Printer Friendly

These dumplings look plain, but they'll surprise your mouth.

Deceptively austere, these plain-looking dumplings, floating in a pool of classic made-from-scratch roasted-bone broth, conceal a delectable treasure. Inside each thin-skinned packet is an intense concentration of broth enhanced by madeira. How do you get soup inside a dumpling? It's really quite easy; just follow the steps we outline here, for elegant results that make a first course for a few special guests. You might want to warn guests that dumplings will squirt when they release their savory interiors-it's best to pop them in the mouth whole. Although soup dumplings aren't complicated or expensive to make, you do have to allow time for the broth and filling to cook (untended). Use bones and meat scraps collected over a period of time in the freezer, or buy an assortment. Roast until richly browned, then simmer about 4 hours in water. Strain broth and save some for the soup. Boil down the rest with madeira until thick; it will be very rigid when chilled. The thin wrappers couldn't be simpler: they're won ton skins. Glue cubes of concentrated broth into the skins with a flour-and-water paste. You can store them in the refrigerator for a few hours or in the freezer for a couple of weeks. They take only minutes to cook. Consomme Dumplings Don't crowd dumplings in pan when cooking, they can stick and tear.
 1 tablespoon all-purpose flour
 16 won ton skins
 Consomm(b (recipe follows)
 2 to 2 1/2 cups homemade broth
 (recipe follows)
 2 tablespoons freshly grated
 parmesan cheese
 2 tablespoons thin-sliced chives

Mix flour and 2 tablespoons water until smooth. Cut won ton skins in half lengthwise to make pieces about 1 3/4 by 3 1/4 inches; keep them covered with plastic wrap until ready to fill. Brush edges of 1 won ton piece with flour paste. On 1 half of the skin, place a cube of consomme; press edges of skin together to seal completely. Lay dumplings, slightly apart, in flour-dusted 10- by 15-inch pans; cover with plastic wrap. If made ahead, wrap dumplings airtight and chill up to 8 hours or freeze up to 2 weeks.

In a 1 1/2- to 2-quart pan, bring broth to a simmer. Add salt to taste; cover and keep hot. In a 5- to 6-quart pan or deep 10- to 12-inch frying pan, bring 2 to 3 inches water to a boil (to cook dumplings all at once, cook half in each of 2 pans). Add half the dumplings do not thaw if frozen) to water; spoon boiling water over tops, or gently turn, until won ton skins become translucent and fillings liquefy, about 2 minutes. Reduce heat to low.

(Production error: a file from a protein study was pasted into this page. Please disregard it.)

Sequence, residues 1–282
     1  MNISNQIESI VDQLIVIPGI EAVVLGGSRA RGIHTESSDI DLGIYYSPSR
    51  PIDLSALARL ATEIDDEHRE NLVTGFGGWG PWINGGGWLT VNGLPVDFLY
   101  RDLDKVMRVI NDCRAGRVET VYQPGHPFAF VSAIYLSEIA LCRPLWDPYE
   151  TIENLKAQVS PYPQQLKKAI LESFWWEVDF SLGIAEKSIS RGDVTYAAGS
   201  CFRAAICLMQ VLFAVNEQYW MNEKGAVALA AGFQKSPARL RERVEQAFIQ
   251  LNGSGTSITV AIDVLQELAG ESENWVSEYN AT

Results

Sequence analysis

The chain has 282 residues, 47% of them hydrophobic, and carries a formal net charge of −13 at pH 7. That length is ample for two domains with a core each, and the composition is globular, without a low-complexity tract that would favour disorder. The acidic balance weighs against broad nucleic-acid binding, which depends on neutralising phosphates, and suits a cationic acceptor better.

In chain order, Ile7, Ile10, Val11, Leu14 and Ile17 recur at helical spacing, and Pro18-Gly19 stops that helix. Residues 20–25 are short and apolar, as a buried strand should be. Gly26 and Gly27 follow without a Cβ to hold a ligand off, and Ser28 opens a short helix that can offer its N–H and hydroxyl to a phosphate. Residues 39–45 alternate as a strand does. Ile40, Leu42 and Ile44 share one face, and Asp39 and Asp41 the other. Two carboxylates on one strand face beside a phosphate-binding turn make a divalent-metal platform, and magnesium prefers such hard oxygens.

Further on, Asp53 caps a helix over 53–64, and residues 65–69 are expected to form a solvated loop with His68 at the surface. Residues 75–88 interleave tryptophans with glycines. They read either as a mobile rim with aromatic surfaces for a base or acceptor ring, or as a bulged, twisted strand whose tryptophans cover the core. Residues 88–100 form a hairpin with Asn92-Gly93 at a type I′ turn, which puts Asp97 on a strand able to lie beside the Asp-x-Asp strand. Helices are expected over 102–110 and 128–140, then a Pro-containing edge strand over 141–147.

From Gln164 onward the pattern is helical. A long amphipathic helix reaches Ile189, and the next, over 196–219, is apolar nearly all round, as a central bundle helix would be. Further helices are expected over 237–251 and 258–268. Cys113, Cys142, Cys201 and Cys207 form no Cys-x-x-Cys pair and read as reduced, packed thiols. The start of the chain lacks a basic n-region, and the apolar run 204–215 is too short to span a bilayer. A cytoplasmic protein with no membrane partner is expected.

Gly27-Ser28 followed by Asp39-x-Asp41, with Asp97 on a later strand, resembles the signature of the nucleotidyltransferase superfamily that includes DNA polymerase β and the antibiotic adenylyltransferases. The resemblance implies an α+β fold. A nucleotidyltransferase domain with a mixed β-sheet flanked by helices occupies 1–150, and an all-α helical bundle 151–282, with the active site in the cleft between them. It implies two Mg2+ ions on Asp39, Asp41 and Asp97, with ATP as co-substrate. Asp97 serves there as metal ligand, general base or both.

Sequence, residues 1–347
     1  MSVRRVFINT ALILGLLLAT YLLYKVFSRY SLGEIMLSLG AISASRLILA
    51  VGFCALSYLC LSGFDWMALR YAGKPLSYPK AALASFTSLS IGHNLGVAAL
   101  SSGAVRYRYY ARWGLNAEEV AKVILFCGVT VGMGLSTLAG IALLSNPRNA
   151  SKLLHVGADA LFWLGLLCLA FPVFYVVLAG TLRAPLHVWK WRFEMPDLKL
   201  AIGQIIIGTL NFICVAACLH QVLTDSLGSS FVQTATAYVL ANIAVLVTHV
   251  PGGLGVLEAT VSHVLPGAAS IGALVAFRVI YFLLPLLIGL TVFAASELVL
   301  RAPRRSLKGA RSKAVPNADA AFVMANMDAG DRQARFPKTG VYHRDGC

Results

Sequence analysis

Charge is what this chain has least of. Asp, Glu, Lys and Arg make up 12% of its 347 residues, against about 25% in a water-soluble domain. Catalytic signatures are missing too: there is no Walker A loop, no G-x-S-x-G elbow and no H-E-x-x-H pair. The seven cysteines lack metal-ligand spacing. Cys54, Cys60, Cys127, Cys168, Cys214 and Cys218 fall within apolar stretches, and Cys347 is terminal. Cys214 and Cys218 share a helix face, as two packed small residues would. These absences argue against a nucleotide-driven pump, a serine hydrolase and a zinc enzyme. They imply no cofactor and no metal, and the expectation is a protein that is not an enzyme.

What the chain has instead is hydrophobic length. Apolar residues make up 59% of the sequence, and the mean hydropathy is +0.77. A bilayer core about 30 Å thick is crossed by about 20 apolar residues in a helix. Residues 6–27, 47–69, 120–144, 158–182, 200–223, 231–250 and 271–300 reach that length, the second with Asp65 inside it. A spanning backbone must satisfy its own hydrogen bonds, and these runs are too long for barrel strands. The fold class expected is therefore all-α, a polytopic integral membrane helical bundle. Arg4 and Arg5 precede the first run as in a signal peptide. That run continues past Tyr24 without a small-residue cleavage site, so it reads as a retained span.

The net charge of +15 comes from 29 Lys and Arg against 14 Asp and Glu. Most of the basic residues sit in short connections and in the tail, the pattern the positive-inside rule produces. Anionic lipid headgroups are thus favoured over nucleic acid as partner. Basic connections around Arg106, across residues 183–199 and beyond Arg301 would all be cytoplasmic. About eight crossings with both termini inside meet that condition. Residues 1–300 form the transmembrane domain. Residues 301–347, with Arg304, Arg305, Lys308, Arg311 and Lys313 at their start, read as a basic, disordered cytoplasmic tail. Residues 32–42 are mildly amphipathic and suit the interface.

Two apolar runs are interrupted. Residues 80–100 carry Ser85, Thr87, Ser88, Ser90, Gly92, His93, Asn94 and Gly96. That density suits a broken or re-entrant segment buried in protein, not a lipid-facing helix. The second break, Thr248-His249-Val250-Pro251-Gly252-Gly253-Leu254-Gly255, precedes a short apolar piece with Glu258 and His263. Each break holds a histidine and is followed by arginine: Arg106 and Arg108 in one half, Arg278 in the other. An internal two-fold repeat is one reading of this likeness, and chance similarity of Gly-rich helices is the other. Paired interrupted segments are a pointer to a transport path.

Ladle hot broth into 6 to 8 warm shallow soup bowls. With slotted spoon, carefully transfer I or 2 dumplings at a time to bowls, putting 3 to 5 in each; keep warm. Repeat until all are cooked. Dust with cheese and chives. Makes 6 to 8 first course servings.

Per serving: 83 cal.; 2.7g protein; 1.9g fat; 13g carbo.; 34 mg sodium; 1.2 mg chol.

Consomme In a 6- to 8-quart pan or 10to 12-inch frying pan over high heat, bring 3 1/2 to 4 cups homemade broth (recipe follows) and 1/2 cup dry madeira to a boil. Boil broth and madeira, uncovered, until reduced to 1/3 cup, 20 to 30 minutes. Pour into a 4- by 8-inch loaf pan; cool, cover, and chill until firm, at least 1 1/2 hours or up to 1 week. Cut into 32 equal pieces, about 3/4 by 1 inch.

Homemade broth. Cut and break about 6 pounds poultry and/or meat bones and scraps (cooked or raw, including poultry skin and giblets, but omitting liver; limit bare beef bones to no more than 1/3 of the total) into pieces so they will fit into a 6to 8-quart pan. Spread out pieces in a 12by 17-inch roasting pan. Bake them, uncovered, in a 400 deg oven until well browned, 1 1/4 to 1 1/2 hours.

Transfer browned pieces and drippings to the 6- to 8-quart pan. With a little water, rinse all browned bits from baking pan and add to bones and scraps. Add 8 black peppercorns; 2 dry bay leaves; 2 sprigs parsley; 2 large (about 1 lb. total) onions, cut into chunks; and 2 large (about 10 oz. total) carrots, cut into chunks. Add enough water (2 to 2 1/2 qt.) to almost cover ingredients. Bring to a boil, cover, and simmer for about 4 hours. With a slotted spoon, remove and discard big pieces. Pour broth and residue into a colander lined with a double thickness of damp cheesecloth, catching broth in a container.

Cool, cover, and chill broth until firm, at least 3 hours or up until next day. Lift off and discard fat. Cook broth over high heat just until liquid; measure. If you have more than 1 1/2 quarts, boil, uncovered, to reduce. If you have less than this amount, add water to make 1 1/2 quarts. Remove 2 to 2 1/2 cups broth; cover and chill until ready to use, up to 1 week, or freeze airtight up to 1 month. Use the remaining broth for consomme (recipe precedes).
COPYRIGHT 1991 Sunset Publishing Corp.
No portion of this article can be reproduced without the express written permission from the copyright holder.
Copyright 1991 Gale, Cengage Learning. All rights reserved.

Article Details
Printer friendly Cite/link Email Feedback
Title Annotation:recipes
Date:Apr 1, 1991
Previous Article:Tahitian toast? Here are tropical and other versions of French toast.
Next Article:Hot out of the wok, these are stir-fry salads.

Related Articles
COOK'S CORNER\Warm up those winter days with tasty Shepherd's Pie.
I met my idol Justin thanks to granny's clootie dumpling.
Eating In: After all the scares, good old British beef is back in fashion once again.
Beef is back; . . . and boy is TV chef Antony Worrall Thompson pleased.
Voyage to the Caribbean.
Secrets Of The Great Old-Timey Cooks.

Terms of use | Copyright © 2017 Farlex, Inc. | Feedback | For webmasters